By Ridge Mahoney
In his appearance with the media Monday at the U.S. training camp in Northern California, Landon Donovan said there wasn’t any friction between him and national team head coach Jurgen Klinsmann.
There may not be friction, but there are differences of personality and philosophy, as is usually the case in such settings. Players and coaches don’t need to see eye-to-eye on everything, they just need to buy into each other enough to maximize the chances of success. Whether Donovan and Klinsmann get that opportunity next month in Brazil is not yet settled.
As befits any head coach, Klinsmann is being very selective of which behavior he tolerates, and which he does not. The exclusion of Eddie Johnson, which is somewhat difficult to explain on the basis of his play, makes more sense in light of his “pay me” gesture last year while playing for Seattle, and critical comments regarding his D.C. United teammates earlier this season. In addition to technical prowess, Klinsmann has placed a high priority on psychological strength, and not every player is suited to the scrutiny and pressure of a long preparation camp and the World Cup whirlwind that follows.
Though Klinsmann has softened somewhat his mantra that his players should always seek out tougher challenges, the decision by Clint Dempsey to leave Europe for MLS last summer and Michael Bradley’s move four months ago don’t appear to have harmed their chances at a spot on the World Cup squad of 23.
United teammates joyously embraced Johnson last Saturday when he scored his first goal of the season for D.C. in the first game after U.S. Soccer announced the Johnson-less camp roster. During a long MLS season, there will be high points and low moments, periods of bliss interspersed with those of crisis, and a team needs collective resilience to endure the peaks and valleys. United has already won more games than the pathetic three it did last year and though Johnson didn’t score until the team’s 10th game of the season there have been enough intervals of good play
One can make the case that at the international level, Johnson lacks the skills to play wide in midfield, and is rather limited as a forward. With Donovan, age and injury have reduced his effectiveness, but can Klinsmann really believe he doesn’t have enough game left to contribute in a fourth World Cup? Is a troublesome knee too much for him to overcome going to a brutal World Cup group? Or is this saga more about mindset and motivation?
Donovan took a radical course in the winter between the 2012 and 2013 MLS seasons, declaring himself on sabbatical, time of return to be decided. He was ready to come back the following April, after the first three of 10 Hexagonal qualifiers, yet Klinsmann made him wait through three more games -- the qualifiers played last June -- before recalling him to play in the Gold Cup, during which he excelled.
But that Donovan has seldom resurfaced in 2014 either for the Galaxy or the USA, so theoretically there could be some justification for Klinsmann ensconcing him, at least publicly, in a bubble of uncertainty. But there’s more in play here.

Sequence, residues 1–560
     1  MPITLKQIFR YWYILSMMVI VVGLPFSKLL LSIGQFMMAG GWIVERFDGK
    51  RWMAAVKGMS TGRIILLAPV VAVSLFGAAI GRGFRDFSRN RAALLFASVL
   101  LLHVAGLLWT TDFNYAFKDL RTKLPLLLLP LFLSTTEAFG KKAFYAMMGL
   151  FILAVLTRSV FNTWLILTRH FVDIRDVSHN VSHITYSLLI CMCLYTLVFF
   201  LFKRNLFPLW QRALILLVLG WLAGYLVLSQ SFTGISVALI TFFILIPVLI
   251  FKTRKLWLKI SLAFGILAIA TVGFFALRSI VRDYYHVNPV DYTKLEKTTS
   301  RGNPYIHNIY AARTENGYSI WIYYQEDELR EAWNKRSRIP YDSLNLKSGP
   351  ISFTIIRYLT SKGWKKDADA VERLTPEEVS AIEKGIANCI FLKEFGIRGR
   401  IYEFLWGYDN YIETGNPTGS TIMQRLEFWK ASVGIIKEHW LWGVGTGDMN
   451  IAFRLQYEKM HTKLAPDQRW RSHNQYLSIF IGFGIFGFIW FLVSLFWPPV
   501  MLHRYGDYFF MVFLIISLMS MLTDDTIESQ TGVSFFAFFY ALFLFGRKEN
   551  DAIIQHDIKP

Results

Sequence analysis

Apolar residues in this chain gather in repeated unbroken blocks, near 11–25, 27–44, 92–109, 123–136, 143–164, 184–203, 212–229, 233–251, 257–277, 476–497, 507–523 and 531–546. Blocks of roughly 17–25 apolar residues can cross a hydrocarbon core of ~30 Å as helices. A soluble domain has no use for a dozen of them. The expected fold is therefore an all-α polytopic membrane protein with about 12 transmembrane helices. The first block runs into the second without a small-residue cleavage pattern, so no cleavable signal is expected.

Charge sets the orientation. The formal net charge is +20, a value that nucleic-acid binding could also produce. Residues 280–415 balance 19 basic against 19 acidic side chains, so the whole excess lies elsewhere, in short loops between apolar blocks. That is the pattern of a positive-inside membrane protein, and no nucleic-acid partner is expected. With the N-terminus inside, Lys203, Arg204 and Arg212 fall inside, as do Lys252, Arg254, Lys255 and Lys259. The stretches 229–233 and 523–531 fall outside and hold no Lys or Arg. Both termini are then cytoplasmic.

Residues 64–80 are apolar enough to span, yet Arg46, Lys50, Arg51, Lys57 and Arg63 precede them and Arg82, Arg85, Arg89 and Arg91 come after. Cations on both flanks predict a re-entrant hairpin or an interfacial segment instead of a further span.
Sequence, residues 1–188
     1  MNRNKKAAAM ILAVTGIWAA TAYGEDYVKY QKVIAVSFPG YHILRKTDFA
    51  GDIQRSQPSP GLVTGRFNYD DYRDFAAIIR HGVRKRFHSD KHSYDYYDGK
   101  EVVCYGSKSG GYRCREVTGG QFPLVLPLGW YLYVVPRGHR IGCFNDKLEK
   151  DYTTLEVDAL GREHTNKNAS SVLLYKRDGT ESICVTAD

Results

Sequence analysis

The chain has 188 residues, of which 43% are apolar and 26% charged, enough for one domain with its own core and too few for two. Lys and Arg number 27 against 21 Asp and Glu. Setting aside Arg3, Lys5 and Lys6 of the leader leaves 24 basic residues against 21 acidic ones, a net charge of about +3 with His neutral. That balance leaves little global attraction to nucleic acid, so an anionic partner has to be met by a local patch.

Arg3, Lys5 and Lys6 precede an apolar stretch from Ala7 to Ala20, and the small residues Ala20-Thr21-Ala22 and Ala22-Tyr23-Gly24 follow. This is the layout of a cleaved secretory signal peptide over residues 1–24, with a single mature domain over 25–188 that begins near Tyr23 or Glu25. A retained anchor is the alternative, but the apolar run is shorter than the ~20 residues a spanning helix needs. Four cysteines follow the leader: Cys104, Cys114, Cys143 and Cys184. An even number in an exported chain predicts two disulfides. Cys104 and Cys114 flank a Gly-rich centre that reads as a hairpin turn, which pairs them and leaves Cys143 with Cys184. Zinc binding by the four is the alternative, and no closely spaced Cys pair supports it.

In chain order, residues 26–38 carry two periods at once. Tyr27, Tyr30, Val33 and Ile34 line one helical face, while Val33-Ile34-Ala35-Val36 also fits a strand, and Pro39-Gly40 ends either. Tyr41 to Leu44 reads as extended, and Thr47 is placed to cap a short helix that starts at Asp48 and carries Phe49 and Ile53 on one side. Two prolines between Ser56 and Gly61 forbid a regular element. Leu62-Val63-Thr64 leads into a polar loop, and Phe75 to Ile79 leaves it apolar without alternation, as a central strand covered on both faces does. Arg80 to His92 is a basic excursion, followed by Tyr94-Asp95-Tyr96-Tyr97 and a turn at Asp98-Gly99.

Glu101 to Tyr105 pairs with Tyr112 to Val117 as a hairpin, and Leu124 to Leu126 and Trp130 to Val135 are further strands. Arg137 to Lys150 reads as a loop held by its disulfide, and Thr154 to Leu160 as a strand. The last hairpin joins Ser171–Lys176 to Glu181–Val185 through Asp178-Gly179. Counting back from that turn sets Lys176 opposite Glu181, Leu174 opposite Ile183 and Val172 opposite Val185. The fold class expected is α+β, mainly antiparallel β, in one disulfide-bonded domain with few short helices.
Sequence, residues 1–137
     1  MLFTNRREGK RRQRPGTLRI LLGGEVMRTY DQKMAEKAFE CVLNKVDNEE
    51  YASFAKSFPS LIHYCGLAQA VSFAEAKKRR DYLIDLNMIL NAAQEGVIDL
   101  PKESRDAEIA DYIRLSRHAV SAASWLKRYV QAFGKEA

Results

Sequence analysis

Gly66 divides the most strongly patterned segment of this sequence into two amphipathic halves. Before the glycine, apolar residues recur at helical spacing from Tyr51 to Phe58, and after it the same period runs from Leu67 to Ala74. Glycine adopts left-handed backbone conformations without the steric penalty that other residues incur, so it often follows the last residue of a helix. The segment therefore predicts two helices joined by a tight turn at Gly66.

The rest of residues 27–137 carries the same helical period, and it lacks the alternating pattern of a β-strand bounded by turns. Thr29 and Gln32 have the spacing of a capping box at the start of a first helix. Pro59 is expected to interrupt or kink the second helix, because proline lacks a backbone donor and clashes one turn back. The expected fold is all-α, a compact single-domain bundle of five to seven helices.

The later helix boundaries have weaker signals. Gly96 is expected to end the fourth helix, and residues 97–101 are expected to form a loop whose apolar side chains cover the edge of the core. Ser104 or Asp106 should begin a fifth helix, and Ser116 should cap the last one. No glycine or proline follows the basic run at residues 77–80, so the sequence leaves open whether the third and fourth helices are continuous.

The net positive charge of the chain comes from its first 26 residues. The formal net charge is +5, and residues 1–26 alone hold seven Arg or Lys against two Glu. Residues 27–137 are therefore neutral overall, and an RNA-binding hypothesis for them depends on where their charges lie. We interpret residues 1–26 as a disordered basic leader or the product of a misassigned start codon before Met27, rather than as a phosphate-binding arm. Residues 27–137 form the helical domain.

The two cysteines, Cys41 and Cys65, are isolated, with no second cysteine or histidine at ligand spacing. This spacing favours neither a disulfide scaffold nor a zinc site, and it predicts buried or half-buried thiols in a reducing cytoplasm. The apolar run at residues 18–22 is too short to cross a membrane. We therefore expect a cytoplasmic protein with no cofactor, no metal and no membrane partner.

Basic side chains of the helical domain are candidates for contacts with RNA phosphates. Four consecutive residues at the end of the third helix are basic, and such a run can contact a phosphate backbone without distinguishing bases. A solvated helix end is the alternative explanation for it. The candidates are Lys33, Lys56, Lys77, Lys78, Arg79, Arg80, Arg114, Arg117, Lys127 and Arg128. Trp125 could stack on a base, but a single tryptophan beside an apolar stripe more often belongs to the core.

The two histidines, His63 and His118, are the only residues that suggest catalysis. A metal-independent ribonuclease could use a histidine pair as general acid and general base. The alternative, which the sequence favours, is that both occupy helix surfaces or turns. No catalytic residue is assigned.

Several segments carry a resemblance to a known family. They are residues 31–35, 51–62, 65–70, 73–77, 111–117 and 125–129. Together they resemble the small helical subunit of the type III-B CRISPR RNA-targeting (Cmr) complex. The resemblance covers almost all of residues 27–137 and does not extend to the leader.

Several times before he took the U.S. job in 2011, Klinsmann criticized Donovan’s toughness and commitment, and now that there are physical issues as well and Donovan can’t tear it up as he once did, the coach is reminding everyone that his decisions are based on today and tomorrow, not yesterday nor yesteryear.
Donovan said he didn’t consider himself a lock for the World Cup squad of 23, to which there has been some incredulous reaction from fans and the press. But what else can he say? Klinsmann has repeatedly asserted that no one is assured of a spot, and even if that’s absurd in the cases of at least a dozen players, none of them are publicly proclaiming they will be on the plane to Brazil.
The disturbing element of Donovan’s behavior is a perceived acceptance of a backup role, or missing the competition altogether. If Klinsmann believes Donovan’s competitive fire has gone out or is at least flickering, the possibility of exclusion grows significantly. Rather than thinking Donovan is merely trotting out the company line, Klinsmann may see a player no longer hungry enough to trust.
Yet throughout his career Donovan has adamantly refused to praise himself, which is one of many reasons his teammates regard him so highly. He’s spoken honestly at times about the wear and tear of juggling club and country commitments, which is interpreted by some observers as whining. The sabbatical prompted outrage and disdain, and rightly so.
Through his comments and selective callups of Donovan, Klinsmann is walking a fine line. He can certainly use whatever methods he chooses to motivate a 32-year-old who is not what he once was. But Donovan commands great respect from his veteran teammates, who may not agree with everything he does but certainly accept his choices as personal decisions. If they regard Klinsmann’s handling of Donovan a procession of mind games, the coach will have more to deal with than just one tough situation.
His teammates may have more belief in Donovan than does the coach. Such a scenario might force Klinsmann to make the toughest decision of his U.S. tenure, for not only would he exclude the USA’s all-time goals and assists leader, he would have to name someone in his place with paltry credentials in comparison. That would be a mistake.